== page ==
CLEVELAND -- After his 12th and final start of the 2020 regular season, there aren’t many adjectives left to describe the way Shane Bieber has dominated on the rubber. He’s hit milestones, set records and made it as easy on American League Cy Young Award voters as possible. Now, he’ll look to bring AL Triple Crown honors back to Cleveland for the first time since 1940.
It wasn’t his best outing of the year, but “laboring” for Bieber in 2020 has been defined as a similar line to Wednesday’s performance: five innings, two hits, one unearned run, three walks and 10 strikeouts. And it was enough to help lead the Tribe to a 3-2 walk-off victory over the White Sox at Progressive Field on a Jordan Luplow solo blast. Cleveland now trails first-place Minnesota by 2 1/2 games and is two behind Chicago in the AL Central.
“I mean, this whole season -- even the testament tonight, [Bieber] goes out and he performs, day in and day out,” said Triston McKenzie, who tossed two scoreless innings in relief. “You see it in his work ethic and you see it in his performance tonight. That’s a whole season long of just going out there and dominating guys. It’s just great to see and it’s great to be a part of, and it’s great to watch firsthand.”
From the moment Bieber first fanned 14 batters on Opening Day, he immediately established himself as the frontrunner to take home the AL Cy Young Award. According to the Elias Sports Bureau, he tied the record for the most strikeouts through the first two starts of a season (27).
Bieber later became the fastest pitcher to reach 100 strikeouts in a season (through 62 1/3 innings), and he owned the second-longest streak in Major League history by recording at least eight strikeouts in each of his first 12 starts of the year, trailing just Randy Johnson, who did so in his first 15 starts in 2000. And now that his regular season is complete, his 41.1 percent strikeout rate is the highest by a qualified starting pitcher in a season.
“It's special,” Luplow said of Bieber’s year. “It's nice being out in the outfield, not having to do much, I'll tell you that. Playing behind that, you know you have a chance to win every day. He's a leader on the field and in the clubhouse. It's special.”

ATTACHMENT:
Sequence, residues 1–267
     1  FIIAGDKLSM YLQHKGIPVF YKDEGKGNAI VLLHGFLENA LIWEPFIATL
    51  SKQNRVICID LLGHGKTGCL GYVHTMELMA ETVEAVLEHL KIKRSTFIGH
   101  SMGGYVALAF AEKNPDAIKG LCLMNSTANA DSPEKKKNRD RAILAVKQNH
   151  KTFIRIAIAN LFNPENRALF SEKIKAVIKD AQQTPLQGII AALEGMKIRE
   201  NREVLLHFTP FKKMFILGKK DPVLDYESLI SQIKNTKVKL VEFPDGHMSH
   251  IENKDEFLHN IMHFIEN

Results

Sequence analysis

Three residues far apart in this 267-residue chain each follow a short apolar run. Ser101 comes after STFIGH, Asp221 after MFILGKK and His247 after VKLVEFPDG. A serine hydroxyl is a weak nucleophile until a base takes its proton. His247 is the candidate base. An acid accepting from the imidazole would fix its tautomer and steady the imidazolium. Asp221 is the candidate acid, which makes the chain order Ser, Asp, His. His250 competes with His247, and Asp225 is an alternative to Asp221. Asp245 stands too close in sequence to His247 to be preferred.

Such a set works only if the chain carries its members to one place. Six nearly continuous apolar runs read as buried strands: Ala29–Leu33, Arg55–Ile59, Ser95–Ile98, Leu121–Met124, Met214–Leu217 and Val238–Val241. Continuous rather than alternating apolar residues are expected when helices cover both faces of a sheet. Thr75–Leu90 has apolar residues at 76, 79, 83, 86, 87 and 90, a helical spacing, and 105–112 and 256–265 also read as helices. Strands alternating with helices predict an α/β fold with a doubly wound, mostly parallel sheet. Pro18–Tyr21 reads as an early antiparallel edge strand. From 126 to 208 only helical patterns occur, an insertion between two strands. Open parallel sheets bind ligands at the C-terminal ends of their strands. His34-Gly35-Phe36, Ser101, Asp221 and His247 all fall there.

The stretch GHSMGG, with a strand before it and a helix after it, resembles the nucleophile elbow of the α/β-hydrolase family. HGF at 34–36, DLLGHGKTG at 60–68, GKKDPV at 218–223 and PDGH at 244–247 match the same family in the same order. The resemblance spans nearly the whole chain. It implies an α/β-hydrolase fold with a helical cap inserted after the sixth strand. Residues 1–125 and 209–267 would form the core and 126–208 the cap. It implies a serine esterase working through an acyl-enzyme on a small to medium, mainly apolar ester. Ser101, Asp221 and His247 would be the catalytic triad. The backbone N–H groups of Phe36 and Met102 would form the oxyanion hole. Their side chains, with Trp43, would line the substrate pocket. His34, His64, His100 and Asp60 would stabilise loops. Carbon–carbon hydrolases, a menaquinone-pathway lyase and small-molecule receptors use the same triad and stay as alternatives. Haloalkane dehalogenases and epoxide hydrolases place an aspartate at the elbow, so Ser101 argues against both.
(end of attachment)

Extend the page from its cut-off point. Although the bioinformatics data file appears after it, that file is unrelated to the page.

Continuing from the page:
But Bieber’s accolades for the regular season aren’t over just yet. The 25-year-old has a chance at becoming the Indians’ first AL Triple Crown winner since Bob Feller in 1940. He ended his season with a 1.63 ERA, eight wins and 122 strikeouts. Just Gerrit Cole of the Yankees and Marco Gonzales of the Mariners could tie Bieber in wins if they pick up one more by Sunday.
Could Bieber find a way to top that? The right-hander not only sits atop the AL leaderboard in the Triple Crown categories, but he also leads all qualified pitchers in the Majors. As of Wednesday night, Reds starter and former Tribe player Trevor Bauer was second to Bieber in ERA (1.73) and strikeouts (100). Bieber would become the first pitcher to win the MLB Triple Crown since Johan Santana in 2006.
Even with all his accomplishments, Bieber hesitates to reflect until he reaches the offseason.
“You know me, I’m not going to get caught up in this stuff,” Bieber said when asked what he was most proud of. “But I guess I would just say consistency. It’s been nice to be able to go out there and have that consistent confidence going in, day in and day out.”
Now, the focus for Bieber shifts to the postseason. The rookie who was in the Tribe’s bullpen in Houston during the AL Division Series in 2018 -- and was slated to start Game 4, if the team had gotten there -- is ready for his first chance to pitch in the playoffs.
“It was a good experience nonetheless,” Bieber said. “I feel like it was one that I can learn from. I was able to see the playoffs firsthand and be in an unbelievable environment with the bullpen that we had that year and ask those guys questions and learn from them. So definitely excited to put one foot in front of the other and continue to move forward with this squad we have now.”